A highlight from Centers for Disease Control Museum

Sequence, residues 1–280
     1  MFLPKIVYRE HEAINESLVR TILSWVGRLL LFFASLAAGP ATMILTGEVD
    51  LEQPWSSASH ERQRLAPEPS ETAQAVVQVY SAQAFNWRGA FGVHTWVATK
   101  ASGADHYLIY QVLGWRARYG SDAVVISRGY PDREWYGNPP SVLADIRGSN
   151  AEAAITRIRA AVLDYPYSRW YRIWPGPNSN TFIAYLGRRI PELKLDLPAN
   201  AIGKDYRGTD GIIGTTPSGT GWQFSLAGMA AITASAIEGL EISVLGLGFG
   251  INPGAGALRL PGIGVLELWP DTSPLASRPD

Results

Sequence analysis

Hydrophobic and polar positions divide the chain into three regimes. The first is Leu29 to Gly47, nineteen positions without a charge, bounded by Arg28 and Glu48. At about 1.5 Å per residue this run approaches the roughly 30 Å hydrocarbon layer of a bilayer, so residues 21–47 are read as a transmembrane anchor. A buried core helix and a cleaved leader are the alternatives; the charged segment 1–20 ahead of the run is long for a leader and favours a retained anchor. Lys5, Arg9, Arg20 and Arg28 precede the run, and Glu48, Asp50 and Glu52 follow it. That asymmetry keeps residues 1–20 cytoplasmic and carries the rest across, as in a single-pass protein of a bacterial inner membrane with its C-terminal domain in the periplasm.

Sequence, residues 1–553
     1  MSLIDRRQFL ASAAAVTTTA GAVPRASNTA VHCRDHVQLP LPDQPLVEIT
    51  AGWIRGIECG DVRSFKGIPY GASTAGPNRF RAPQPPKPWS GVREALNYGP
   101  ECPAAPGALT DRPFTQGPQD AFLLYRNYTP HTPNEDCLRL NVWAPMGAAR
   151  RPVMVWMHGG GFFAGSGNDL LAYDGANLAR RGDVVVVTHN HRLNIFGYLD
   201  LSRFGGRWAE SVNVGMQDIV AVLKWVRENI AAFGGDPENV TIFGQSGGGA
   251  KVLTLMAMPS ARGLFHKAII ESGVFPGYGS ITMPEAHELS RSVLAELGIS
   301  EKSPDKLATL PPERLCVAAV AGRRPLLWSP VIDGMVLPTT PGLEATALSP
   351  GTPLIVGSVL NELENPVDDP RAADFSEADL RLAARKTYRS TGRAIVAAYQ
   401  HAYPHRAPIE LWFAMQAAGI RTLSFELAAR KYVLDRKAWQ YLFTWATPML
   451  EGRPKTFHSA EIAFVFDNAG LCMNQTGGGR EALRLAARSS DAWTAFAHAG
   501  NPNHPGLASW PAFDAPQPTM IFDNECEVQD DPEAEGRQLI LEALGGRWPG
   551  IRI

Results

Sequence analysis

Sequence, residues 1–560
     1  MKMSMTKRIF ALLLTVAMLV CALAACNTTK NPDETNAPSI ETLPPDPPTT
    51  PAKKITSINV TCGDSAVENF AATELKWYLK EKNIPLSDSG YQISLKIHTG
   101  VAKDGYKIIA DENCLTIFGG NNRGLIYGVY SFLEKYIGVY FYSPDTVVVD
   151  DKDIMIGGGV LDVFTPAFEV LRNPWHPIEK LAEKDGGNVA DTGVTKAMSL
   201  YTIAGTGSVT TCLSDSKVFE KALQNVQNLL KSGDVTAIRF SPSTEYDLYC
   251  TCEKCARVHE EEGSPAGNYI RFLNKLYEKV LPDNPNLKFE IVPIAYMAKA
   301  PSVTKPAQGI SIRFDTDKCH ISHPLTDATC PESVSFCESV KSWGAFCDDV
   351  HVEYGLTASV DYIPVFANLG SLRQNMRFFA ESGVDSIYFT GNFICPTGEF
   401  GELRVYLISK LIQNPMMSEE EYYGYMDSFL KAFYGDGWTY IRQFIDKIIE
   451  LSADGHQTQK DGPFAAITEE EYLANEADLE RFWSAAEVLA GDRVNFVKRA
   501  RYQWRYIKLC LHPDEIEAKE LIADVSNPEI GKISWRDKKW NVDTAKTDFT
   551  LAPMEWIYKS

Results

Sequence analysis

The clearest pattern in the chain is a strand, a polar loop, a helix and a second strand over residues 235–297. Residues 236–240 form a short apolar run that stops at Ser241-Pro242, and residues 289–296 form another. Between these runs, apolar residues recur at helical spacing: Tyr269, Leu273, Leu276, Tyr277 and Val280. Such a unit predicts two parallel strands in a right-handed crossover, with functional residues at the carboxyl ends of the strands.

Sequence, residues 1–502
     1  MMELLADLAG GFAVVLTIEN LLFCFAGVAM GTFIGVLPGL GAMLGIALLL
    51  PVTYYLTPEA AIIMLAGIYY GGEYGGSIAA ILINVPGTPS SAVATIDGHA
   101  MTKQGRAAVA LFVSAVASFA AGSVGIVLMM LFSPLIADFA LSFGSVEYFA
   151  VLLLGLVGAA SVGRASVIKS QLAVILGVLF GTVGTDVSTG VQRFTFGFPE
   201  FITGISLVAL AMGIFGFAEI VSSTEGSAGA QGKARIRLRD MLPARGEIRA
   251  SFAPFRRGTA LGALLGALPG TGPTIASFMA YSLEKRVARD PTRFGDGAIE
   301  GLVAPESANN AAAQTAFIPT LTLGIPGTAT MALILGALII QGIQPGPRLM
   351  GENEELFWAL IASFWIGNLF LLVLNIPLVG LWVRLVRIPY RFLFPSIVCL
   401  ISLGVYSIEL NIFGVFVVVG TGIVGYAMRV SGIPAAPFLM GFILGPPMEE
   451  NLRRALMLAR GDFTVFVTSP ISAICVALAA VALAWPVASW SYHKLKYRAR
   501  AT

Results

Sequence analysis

Of 2020, Luis Shah was thinking a lot about the pandemic. But not our pandemic. The influenza pandemic of 1918. Because Luis a curator of the CDC museum, and an early 2020, she was getting ready for an exhibit on how the 1918 pandemic shaped science and society. But then news started circulating at the CDC. News about a brand new virus. One called COVID-19. And that was when they had to change their plans. By early March 2020, it was really clear that we had to get on top of it. And it has been so different from anything that we have collected and documented in the past. The collection at the CDC museum, it's like a time capsule of every public health crisis that's happened in the last century. Take, for example, the polio exhibit. Wander over there, and you'll see a big hulking iron lung. Which is wonderful mayonnaise Barton Apia lived in for over 40 years. That, I think, is a crowd favorite. Then there's a glass jug filled with this noxious looking yellow water. And that water comes from the Bellevue Stratford hotel in Philadelphia. In 1976, bacteria in that hotel's HVAC system caused an outbreak of a mysterious respiratory illness at a convention of the American legion. The disease was dubbed legionnaires disease. The legionella branch had a big gallon jug of this killer water and we finally talked them out of it and we have it on display at the museum. And I say it's priceless, but it has no value at all. There's also exhibits on the obesity epidemic in the United States. And on the health impacts of secondhand smoking. And I do want to do a shout out for a smallpox eradication collection. We have probably the most stellar smallpox eradication collection anywhere. You can even try on a hazmat suit if that's the kind of thing that strikes your fancy. I mean, come on. But it's one thing to track down an old iron lung or charm your colleagues out of a murky jug of water years after the crisis has abated. It's something else entirely to collect artifacts from a pandemic, you're currently living through. We were doing a rapid response collecting kind of approach that we were trying to collect materials in real time. But rapid response collecting is a little bit like asking curators to peer into a crystal ball. You have to predict what objects people in the future will really connect with. Which ones will help them really understand what it was like to live through this crisis? So when reports about COVID-19 first started coming in, Luis sprang into action and cast a wide net. In early 2020, when a cruise ship called the diamond princess, had an outbreak on board, the museum approached first responders and quarantine passengers, and asked them, hey, do you have anything for us? In response, they got passenger correspondence, even a copy of a diary. And when CDC artists created the first medical illustration of the SARS CoV-2 virus, the museum nabbed one of the 3D models that they worked from. And of course, there was one object in particular that soon became a really big deal. One that reminded Luis a lot of 1918. There was the whole issue in 1918 about masking and there were mass shortages. So the Red Cross were doing like these events where it was women that joined together to make masks. Sounds familiar. Flash forward to the PPE shortages in the spring of 2020, and Americans are once again breaking out their sewing machines. And the museum made sure to collect some of those homemade masks. And as the CDC also rushed to certify the safety of new companies that wanted to manufacture N95 masks, the museum stashed away some of those that passed the CDC's muster. Luis says museum's first realized that they needed a rapid response collecting strategy after September 11th. Like people would put up a fly or have you seen my son or you have seen my mother, those kinds of things. And they were collecting the teddy bears at the sites. And it's a kind of collecting ephemera that if you don't collect it right at the moment, it might disappear. In 2014, the CDC museum put this new rapid response collecting into action with the Ebola outbreak in West Africa. And they knew they wanted to tell a story that was bigger than just the CDC's role. They wanted to represent all of the different perspectives in this collection that they were building, including artifacts from the community and religious leaders who stepped up to help fight the Ebola virus. We had aman and administer that actually shared copies of their Quran in the Bible that was mocked up with passages that documented why it was okay to have safe burial practices that were being recommended quarantine procedures. I will say in Ebola exhibit that was probably the most popular section of the entire exhibit. Included was a healer's bottle donated by the Sierra Leone indigenous traditional healers union. And it's wrapped with threads and cowry shells and was used to wash hands. The items showed that it wasn't enough for health officials just to promote safe practices. The messages also had to come from people who were trusted in their own communities. Rumors were an incredible issue in West Africa at the time, particularly early in the epidemic. Some people thought Ebola wasn't real. There was all sorts of things like, you know, this was purposeful, you know, people drinking bleach. That sounds sort of familiar, doesn't it? With the torrents of misinformation around COVID-19. The museum has had no trouble finding these kinds of artifacts to add to its collection. Things like anti vaccine posters. You might even say some of these artifacts come to them. Occasionally we'll have protesters in front of CDC and we have collected their materials. And they're sort of

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